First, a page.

Terrific post, Dave...
I was up on and at Mt. Washington, NH on Monday (with an aspiring young 11 year old Lepidopterist)...The Melissa Arctics were not flying, in winds at the Cow Pasture approaching 60 miles per hour...But there was some action (but not as much as I have found previously there) along the Auto Road and in the wet meadows below...The Baltimores are having a good flight there; but other than European, Long Dash, Peck's etc. Skippers, not much was seen. I have myself taken Two Spotted Skipper there.
There seem to be two phenotypes of Baltimores in Vermont (and elsewhere in northern New England). Of course, two subspecies have been named from New England: nominate phaeton and the northern borealis, characterized by much more extensive red spots and a darker, jet black color...I have taken both of these flying nearby to one another at Green River (July 20, 2003)...The comparative ranges of these two should be documented throughout VT.
Keep an eyeout for "orange" sulphurs that may not be Orange Sulphurs...I took a male, with light orange flushing on the FW, mostly in the lower half of the FW, yellow rays through the black margins, almost unmarked below with single discocellular HW spot. Dave and I have been told by Cris Guppy that some of our "Orange Sulphurs" strongly resemble the western (i.e. B.C.)taxon "eriphyle" from its Type Locality in British Columbia...And more "strange" Tigers were taken, particularly along the Auto Road at fairly high elevations (3,500 to 4,000) just below the subarctic zone. These are just simply NOT typical Canadian Tiger (canadensis) phenotypes, whatever it is that they will eventually prove to be.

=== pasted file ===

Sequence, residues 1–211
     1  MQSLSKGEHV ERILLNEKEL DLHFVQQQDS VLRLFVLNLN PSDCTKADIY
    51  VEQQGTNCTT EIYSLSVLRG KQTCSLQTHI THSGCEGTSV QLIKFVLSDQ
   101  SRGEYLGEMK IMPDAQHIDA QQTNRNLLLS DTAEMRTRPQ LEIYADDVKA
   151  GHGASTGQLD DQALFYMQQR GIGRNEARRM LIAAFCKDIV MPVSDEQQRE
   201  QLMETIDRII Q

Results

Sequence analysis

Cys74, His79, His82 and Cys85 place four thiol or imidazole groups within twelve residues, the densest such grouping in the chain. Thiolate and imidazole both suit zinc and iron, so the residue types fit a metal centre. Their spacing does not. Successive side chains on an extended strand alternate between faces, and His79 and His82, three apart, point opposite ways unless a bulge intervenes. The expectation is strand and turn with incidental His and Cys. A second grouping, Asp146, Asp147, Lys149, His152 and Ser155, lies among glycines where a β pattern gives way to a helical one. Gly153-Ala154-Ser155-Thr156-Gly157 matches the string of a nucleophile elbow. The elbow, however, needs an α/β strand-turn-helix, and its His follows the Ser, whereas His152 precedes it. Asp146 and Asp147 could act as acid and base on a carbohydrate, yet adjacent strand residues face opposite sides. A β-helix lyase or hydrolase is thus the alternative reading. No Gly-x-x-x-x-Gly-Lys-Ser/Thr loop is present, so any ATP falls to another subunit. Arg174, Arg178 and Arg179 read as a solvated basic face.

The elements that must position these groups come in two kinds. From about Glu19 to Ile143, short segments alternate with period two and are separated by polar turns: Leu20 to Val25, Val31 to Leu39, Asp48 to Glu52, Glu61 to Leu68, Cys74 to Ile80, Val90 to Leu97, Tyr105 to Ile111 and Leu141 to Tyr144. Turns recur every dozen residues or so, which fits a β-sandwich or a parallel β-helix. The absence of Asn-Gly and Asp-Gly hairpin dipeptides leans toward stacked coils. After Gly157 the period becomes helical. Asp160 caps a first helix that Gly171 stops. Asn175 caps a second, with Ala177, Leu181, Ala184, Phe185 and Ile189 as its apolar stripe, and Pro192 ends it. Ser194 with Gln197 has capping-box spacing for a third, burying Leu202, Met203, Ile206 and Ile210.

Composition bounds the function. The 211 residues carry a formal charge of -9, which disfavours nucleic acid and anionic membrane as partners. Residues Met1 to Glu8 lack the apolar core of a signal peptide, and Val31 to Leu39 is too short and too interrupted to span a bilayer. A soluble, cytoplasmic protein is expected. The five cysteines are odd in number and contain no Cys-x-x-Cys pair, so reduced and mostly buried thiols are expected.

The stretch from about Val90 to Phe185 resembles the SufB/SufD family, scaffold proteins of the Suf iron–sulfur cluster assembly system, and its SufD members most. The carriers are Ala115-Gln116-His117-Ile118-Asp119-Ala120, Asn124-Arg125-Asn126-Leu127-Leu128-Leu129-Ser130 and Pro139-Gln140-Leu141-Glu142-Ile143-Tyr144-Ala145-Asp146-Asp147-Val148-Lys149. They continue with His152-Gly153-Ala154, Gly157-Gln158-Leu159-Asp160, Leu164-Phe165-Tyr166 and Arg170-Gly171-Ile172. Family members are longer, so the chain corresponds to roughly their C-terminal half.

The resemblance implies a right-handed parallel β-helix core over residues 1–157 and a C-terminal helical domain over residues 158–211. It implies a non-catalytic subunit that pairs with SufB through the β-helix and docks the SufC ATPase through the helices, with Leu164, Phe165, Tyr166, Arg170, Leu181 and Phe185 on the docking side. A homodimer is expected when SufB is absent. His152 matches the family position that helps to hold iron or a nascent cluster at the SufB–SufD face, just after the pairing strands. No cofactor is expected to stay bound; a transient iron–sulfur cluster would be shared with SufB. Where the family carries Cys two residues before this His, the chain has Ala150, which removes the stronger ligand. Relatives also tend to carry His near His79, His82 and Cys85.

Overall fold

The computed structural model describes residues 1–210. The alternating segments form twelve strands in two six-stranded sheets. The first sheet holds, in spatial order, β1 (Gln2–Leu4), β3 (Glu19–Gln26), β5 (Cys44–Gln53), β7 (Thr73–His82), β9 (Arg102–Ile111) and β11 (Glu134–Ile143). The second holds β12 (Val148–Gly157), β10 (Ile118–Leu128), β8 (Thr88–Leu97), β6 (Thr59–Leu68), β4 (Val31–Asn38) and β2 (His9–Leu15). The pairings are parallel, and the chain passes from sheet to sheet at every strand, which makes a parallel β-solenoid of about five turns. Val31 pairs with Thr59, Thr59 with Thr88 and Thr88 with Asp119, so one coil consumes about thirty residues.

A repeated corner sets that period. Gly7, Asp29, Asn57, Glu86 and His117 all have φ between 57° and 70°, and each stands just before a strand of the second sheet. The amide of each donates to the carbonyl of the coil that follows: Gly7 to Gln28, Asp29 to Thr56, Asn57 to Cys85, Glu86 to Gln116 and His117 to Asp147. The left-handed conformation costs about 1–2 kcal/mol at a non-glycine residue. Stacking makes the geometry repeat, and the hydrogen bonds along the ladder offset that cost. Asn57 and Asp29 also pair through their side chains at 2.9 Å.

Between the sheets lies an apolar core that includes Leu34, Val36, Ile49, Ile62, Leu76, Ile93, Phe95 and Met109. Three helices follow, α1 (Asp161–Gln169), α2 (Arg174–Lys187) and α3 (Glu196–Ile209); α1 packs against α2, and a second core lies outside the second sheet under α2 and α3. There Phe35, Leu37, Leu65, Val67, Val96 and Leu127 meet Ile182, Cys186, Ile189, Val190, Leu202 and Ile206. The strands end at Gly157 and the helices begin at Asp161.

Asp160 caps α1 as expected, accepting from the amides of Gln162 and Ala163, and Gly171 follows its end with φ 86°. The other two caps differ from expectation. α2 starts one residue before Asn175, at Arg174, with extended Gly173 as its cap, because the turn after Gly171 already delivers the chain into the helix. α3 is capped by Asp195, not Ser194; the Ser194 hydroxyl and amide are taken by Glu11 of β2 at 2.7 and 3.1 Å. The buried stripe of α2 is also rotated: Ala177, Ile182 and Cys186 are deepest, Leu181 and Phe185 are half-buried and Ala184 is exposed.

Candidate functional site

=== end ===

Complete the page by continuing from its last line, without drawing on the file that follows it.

From: Vermont Butterfly Survey on behalf of David Hoag
Sent: Thu 7/6/2006 10:05 PM
To: [log in to unmask]
Subject: Re: [VTLEPS] A Heads Up / Mulberrywing
All-black MULBERRYWING basking in Grand Isle,
but perched too low in the marsh to trap. No camera.
A note to aid in spotting TWO-SPOTTED SKIPPERS:
Today, July 6th, nearly every time a Great Spangled Frit
flew low over the sedges/reeds, one or two Two-spotteds
would rise to attack it, then perch in view atop the vegetation.
Dion and Eyed-brown overflights did not seem to
provoke the Two-spotted Skippers.
DION SKIPPERS are numerous and highly visible right now --
first seen on July 1st.
Two BROAD-WINGED SKIPPERS started a brief fight today
before dropping back into the marsh.
Dave Hoag -- wet-footed, watching Marsh Hawks in Grand Isle.
P.S. elsewhere: July 5th:
One of a half-dozen Baltimore Checkerspots was a variant,
with extensive white replacing red on the forewing.
Great Spangled Fritillaries mating.
July 3rd: Earliest female Great Spangled Fritillary.
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